Should I Neuter My Dog?
ask any vet. he will almost certainly tell you to neuter your male dog. unfortunately, it seems their motivation is profit, and not the health or temperament of your dog.
they will tell you that neutering controls dominance and eliminate unwanted puppies. under very specific circumstances these can be valid considerations. what they don't like to tell you is that neutering will only have an effect on dominance and aggression if its done between 6 and 9 months of age.
often times, prey drive is mistaken for dominance and aggression. they are not the same, and neutering your dog will not diminish prey drive. it's unfortunate, but no surprise, that the same people who drug their children into zombie-like submission because of "adhd" also want zombie-like dogs.
these people should not own dogs.
aggression towards family members is often the catalyst behind neutering adult dogs. the fact is, neutering adult dogs has little or no effect on dominance or aggression. these actions towards the dog's family or handler are the result of a lack of a clear hierarchy in the pack, and neutering isn't going to change this - no matter what your vet tells you.
these problems need to be corrected by establishing a social structure within the pack with you as the leader. through obedience training and subtle body language cues that establish your dominance, most behavioral problems attributed to non-neutering can be corrected.
so what dogs should be neutered?
older dogs that develop prostate problems, as this may prolong their life significantly. inexperienced owners adopting strong, dominant breeds like rottweilers, akitas, chows, and pit bulls if the dog is solely to be a pet should consider neutering the dogs at 6 months old to help tame the dominant temperament. with that said, my 5 year old rotti is intact. he is not shown and is not a working dog....but i'm not an inexperienced owner. working dogs that are born with one testicle should be neutered but not until after they are 2 years old. if these dogs are not neutered they run the risk of developing testicular cancer around 5 years of age.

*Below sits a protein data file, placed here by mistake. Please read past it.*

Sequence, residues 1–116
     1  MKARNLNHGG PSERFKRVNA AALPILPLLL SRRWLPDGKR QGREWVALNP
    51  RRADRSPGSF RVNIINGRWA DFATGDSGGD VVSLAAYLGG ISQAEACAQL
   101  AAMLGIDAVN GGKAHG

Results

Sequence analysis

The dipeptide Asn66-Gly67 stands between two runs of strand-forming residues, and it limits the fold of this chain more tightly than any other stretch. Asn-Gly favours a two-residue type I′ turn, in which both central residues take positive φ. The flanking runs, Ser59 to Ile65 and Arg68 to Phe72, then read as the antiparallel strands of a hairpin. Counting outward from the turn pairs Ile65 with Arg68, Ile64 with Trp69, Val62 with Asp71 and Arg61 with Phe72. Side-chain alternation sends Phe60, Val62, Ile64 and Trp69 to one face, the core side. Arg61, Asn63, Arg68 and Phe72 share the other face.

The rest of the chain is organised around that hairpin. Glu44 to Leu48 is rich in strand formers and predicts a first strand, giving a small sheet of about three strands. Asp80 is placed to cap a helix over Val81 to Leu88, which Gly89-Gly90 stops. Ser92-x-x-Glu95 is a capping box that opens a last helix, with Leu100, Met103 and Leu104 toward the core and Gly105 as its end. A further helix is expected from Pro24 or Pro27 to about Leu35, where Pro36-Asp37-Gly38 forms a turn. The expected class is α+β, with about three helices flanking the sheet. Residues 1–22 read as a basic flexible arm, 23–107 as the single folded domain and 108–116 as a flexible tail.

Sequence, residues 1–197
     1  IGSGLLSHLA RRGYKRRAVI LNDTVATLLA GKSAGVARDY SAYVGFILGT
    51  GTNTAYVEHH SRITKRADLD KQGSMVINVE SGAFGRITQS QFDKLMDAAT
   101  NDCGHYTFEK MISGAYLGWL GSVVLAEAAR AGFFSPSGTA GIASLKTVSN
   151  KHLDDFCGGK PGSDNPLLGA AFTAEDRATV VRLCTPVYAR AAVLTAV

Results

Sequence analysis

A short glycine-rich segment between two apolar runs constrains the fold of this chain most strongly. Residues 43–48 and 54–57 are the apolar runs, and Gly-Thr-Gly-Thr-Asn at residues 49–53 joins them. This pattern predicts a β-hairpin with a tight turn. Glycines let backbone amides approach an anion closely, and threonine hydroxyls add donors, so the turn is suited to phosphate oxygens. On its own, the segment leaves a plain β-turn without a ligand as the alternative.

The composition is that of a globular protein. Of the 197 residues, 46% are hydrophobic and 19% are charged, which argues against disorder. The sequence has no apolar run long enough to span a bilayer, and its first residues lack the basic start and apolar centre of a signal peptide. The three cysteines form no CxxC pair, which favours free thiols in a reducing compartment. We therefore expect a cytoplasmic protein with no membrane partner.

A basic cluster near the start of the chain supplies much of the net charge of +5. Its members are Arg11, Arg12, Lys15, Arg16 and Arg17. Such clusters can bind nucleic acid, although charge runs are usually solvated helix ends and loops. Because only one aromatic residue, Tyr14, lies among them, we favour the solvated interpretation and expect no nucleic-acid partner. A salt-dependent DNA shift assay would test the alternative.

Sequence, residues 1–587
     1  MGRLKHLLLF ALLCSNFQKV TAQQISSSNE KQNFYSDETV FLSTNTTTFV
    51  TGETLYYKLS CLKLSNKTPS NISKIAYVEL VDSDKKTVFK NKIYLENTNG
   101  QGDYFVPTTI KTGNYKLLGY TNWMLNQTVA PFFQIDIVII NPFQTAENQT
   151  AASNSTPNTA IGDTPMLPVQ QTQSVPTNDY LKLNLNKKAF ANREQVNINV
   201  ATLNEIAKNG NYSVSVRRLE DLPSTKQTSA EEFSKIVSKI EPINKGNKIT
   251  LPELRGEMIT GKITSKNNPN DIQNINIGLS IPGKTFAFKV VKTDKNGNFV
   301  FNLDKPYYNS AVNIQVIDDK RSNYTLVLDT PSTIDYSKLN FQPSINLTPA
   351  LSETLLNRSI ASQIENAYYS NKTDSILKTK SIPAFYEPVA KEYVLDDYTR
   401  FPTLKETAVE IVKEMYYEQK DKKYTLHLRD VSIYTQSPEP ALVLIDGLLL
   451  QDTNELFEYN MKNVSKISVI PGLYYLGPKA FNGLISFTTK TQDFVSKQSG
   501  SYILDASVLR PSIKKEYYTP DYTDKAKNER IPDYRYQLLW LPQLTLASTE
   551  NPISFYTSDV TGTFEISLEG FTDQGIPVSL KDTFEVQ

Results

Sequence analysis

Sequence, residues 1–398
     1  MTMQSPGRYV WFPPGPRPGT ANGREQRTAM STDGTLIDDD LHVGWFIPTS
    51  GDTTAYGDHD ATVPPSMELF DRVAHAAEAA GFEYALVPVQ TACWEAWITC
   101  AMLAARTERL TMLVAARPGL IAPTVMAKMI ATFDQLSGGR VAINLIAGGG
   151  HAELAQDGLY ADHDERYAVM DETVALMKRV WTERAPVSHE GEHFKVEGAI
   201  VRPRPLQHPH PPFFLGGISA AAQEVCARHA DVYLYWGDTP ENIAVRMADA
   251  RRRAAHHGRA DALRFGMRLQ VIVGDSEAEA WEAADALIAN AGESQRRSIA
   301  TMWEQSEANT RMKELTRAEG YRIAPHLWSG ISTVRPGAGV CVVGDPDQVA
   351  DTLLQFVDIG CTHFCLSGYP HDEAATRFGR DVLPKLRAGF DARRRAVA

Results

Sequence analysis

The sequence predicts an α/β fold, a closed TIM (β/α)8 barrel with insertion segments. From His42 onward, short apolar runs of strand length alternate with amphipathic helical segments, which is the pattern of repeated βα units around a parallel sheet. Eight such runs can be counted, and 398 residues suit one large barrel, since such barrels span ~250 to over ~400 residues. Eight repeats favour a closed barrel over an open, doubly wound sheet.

and that's it. i firmly believe that neutering is uncalled for in most cases, and it is often detrimental to the dogs.
but what about all the poor, unwanted pets in the world?!?!
please. spare me.
the fact is that most unwanted and abandoned dogs came from intentional litters. yes, you read that right - intentional. these dogs were allowed and encouraged to breed, had pups, and the pups were either unable to be adopted out or were adopted out, and then given up by their new owners.
accidental breedings do occur, and they are 100% the fault of the irresponsible owner. if you take the time to train your dog, keep him or her under control, and don't allow intact males and intact females to interact unsupervised, you won't have any barking little accidents running around your kitchen.
neutering is a barbaric and often unnecessary practice. it is not a decision to be undertaken lightly. it has significant psychological and physiological consequences for your pet, and will greatly affect their sexual maturity.
you owe it to your dog to do your research before sending him under the vet's knife.---